Furthermore, the governor signed SB 202, which pushes citizen initiative measures to November general election ballots, thus undermining one of the key measures Californians have to tackle union power – the initiative process. The unions control the governor’s office and the Legislature, so reform can only come at the ballot box. Limiting initiatives to the general election makes it that much harder to qualify initiatives for the ballot and that much easier for big players, such as the unions, to dominate the process and squelch direct democracy.

Brown claims to be promoting democracy – at least that’s his explanation as he pushes Californians to approve new taxes and promotes a measure that would make it easier for localities to pass taxes. But the governor doesn’t like democracy when it comes to bans on those union-only Project Labor Agreements for public works projects. He signed a law that stops local governments from banning PLAs. At the bidding of the police unions, Brown vetoed a bill that was supported overwhelmingly by Democrats and Republicans in both houses of the Legislature.

It would have overturned a recent state Supreme Court ruling that allows police to search everything on an arrestee’s cell phone – a troubling development given the amount of information and number of databases available in a modern smart phone. By allowing police unlimited ability to search these phones, the court has given them unlimited ability to go on fishing expeditions of, say, a reporter’s databases if that reporter were arrested for any reason. The bill would have required a warrant, but Brown did what the unions asked him to do.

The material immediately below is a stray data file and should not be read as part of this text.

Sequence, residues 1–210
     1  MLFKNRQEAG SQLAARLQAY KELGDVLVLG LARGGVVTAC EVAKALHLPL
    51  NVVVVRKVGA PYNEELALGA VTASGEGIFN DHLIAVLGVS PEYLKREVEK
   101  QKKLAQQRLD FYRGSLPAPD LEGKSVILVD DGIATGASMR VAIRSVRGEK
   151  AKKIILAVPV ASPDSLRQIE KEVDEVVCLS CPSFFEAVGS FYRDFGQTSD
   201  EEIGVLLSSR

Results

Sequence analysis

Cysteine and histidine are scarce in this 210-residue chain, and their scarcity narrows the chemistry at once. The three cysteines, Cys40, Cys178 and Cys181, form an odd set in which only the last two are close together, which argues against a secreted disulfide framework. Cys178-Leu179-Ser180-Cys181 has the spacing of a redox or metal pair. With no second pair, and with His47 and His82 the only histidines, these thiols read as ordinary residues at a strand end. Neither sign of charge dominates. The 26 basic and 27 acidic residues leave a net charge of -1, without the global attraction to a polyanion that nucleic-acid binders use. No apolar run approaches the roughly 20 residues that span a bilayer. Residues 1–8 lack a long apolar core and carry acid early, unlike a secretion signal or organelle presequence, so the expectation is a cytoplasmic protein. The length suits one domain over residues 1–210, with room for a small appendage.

Brown signed a deal with the powerful prison-guards union that made it clear that he would not be standing up for taxpayers. As I wrote in City Journal: “The state’s old contract with CCPOA allowed retiring prison guards to collect a payout for up to 80 unused vacation days. In practice, that limit was often unenforced—but the new contract removes it altogether, letting guards bank an unlimited amount of vacation time. That will make it much easier to retire with six-figure payouts. Already, as a Sacramento Bee story has revealed, some state employees have walked away with as much as $800,000 in banked vacation time; the new CCPOA contract will make that more common. In fact, the San Francisco Chronicle reports that guards and their supervisors have 33 million vacation hours banked, which could cost taxpayers $1 billion or more. All this is in addition to prison guards’ ‘3 percent at 50’ retirement arrangement, which allows them to retire as young as 50 with up to 90 percent of their final year’s pay—and the guards commonly spike those generous pensions with various gimmicks, such as filing disability claims shortly before retirement.”

Brown also signed legislation to crack down on contraband cell phones that make their way to prison gangs. But the bill completely ignores the main source of those illegal phones – prison guards who take bribes and sneak them in. The California Correctional Peace Officers Association refuses to allow the guards to be searched unless they are paid for additional time.

Here we see that union power does more than impose financial costs on California taxpayers. It restricts accountability by public officials. It makes it nearly impossible to debate policy issues in terms of what’s best for the public. Such debates – ranging from pensions for felons to police searches of phones to keeping contraband out of prisons – don’t get much of a hearing when a dominant interest group flexes its muscle.